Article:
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Czech intel chief: engaging foreigners for sabotage in Europe is new Russian tactic

According to the head of Czech counter-intelligence, an attacker may not even know that he or she has been hired by the Russian side. 

Czech intel chief: engaging foreigners for sabotage in Europe is new Russian tactic
Michal Koudelka
Photo: ČT24

Engaging foreigners to commit crimes in Europe, including the arson attack on the bus garages of a Prague transport company, is a new Russian tactic.

This is the opinion of Michal Koudelka, director of the Security Information Service (BIS), ČT24 reports.

According to the head of Czech counterintelligence, the attacker might not even know that he was hired by the Russian side. Koudelka believes that Moscow will continue this approach.

"The fact that the traces of this attack lead to Russia is certainly not just an assumption, there is intelligence behind it. Although, in general, the perpetrator in such cases may not even know that he or she has been recruited by the Russian side," Koudelka said. In his opinion, this tactic allows Russians to distance themselves from the actions of the attackers. 

According to intel chief, Islamists who recruit via the Internet act in a similar way. 

"But if Islamists are trying to radicalise through religion, Russians are doing it through money, but the essence is the same," the BIS director added.

According to the BIS chief, the attempted attack on the bus fleet should not be underestimated. 

"If everything had gone as planned, the entire bus fleet could have caught fire. In addition to the threat to the workers, it would have caused huge material damage, there could have been significant complications in Prague traffic, many trains would not have been able to run the next day, and, of course, there could have been a possible impact on the elections that began that day," Koudelka said.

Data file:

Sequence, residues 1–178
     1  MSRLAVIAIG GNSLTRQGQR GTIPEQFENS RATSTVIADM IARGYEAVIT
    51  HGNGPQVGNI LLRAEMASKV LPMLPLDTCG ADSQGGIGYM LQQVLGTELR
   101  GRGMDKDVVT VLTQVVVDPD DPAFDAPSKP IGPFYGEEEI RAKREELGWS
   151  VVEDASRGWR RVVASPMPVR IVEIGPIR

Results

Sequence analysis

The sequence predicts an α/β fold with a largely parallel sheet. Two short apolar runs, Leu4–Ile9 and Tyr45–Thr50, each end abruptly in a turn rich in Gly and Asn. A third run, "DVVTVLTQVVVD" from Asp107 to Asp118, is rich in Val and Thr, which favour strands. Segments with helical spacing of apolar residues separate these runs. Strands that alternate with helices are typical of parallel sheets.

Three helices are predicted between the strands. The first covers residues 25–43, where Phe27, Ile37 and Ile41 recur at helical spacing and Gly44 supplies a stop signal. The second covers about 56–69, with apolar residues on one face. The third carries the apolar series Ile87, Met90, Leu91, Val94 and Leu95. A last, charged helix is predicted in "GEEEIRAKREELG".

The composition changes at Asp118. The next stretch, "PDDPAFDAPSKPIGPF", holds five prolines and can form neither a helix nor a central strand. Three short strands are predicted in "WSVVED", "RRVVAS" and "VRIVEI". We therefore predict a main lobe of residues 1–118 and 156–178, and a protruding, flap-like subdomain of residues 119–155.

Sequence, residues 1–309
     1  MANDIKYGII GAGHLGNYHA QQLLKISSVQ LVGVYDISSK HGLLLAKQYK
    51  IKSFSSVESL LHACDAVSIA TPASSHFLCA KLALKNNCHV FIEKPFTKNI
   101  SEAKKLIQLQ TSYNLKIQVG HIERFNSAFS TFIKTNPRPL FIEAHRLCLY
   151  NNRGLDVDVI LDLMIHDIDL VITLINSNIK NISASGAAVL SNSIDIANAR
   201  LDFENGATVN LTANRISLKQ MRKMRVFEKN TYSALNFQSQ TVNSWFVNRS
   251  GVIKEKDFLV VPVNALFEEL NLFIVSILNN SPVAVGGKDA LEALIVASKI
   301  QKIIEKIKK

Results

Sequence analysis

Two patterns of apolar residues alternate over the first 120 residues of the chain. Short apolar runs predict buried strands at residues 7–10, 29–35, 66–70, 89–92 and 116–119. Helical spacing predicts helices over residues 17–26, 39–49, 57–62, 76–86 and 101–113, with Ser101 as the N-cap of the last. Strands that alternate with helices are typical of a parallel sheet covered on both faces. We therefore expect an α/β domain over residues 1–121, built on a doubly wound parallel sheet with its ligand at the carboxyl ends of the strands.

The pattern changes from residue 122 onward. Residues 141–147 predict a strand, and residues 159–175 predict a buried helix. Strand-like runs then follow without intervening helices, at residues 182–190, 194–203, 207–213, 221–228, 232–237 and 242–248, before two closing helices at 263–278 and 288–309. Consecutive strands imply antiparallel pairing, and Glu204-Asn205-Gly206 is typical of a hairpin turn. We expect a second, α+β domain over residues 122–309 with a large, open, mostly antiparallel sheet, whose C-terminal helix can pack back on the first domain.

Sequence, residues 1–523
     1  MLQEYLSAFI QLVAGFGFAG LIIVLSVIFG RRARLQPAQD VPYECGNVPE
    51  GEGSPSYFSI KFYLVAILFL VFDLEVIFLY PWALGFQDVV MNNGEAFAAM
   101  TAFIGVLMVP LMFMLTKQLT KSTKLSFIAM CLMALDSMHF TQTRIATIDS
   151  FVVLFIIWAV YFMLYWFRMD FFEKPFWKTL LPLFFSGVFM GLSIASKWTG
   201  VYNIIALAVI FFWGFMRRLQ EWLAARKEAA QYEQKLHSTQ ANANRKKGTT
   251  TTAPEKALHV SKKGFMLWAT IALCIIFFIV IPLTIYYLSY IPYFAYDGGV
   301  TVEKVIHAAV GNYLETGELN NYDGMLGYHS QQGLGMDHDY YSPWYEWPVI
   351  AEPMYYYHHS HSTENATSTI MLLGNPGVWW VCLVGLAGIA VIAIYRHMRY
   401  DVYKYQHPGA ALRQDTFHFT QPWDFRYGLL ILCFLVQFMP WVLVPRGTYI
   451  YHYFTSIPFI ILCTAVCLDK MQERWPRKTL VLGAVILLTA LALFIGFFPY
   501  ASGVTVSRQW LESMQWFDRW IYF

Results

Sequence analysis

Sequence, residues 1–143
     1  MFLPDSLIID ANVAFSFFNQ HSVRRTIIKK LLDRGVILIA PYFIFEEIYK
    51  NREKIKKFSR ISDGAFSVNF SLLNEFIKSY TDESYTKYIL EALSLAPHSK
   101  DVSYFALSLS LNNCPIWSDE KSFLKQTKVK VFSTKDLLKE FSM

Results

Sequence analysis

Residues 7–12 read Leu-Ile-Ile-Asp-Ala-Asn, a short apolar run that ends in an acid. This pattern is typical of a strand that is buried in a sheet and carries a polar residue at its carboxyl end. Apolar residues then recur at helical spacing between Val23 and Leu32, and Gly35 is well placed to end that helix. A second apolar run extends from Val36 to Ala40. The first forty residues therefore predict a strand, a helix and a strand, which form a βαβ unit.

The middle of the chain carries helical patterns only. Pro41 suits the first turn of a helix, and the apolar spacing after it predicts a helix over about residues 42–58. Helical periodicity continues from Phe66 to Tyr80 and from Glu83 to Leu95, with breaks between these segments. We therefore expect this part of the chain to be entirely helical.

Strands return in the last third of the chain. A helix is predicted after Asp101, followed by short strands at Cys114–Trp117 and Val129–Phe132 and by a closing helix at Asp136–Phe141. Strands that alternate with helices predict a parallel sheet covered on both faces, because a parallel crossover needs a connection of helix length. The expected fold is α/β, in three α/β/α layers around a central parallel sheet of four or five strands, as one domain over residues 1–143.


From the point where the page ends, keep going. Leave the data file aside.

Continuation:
Earlier, the police reported that the foreigner had been in the Czech Republic for five days at the time of his detention. He is from South America and speaks Spanish. Law enforcement officials do not specify how far he managed to complete his work. 

"I don't know why the Russians hired a South American to carry out the attack in the Czech Republic. There are different versions, for example, the reason could be that they were in a hurry to carry out the action because the attack was to take place before the European Parliament elections and this person was available. But, of course, there may be more explanations," the BIS chief said.

Earlier, Czech Justice Minister Pavel Blažek said that the Colombian suspect in the Prague attack was not a professional agent, most likely an amateur. Therefore, his investigation should not take long. 

Before that, the court remanded the 26-year-old man in custody. According to a previous statement by Prime Minister Petr Fiala, suspicions of Russian intelligence services' involvement are being investigated, and the probability is high.

The Czech Security Information Service said that, like the security services of other countries, it is receiving more and more "unequivocal" information about the activities of Russian intelligence services that are trying to recruit people outside Russia who are ready to carry out sabotage on the territory of European states for money. 

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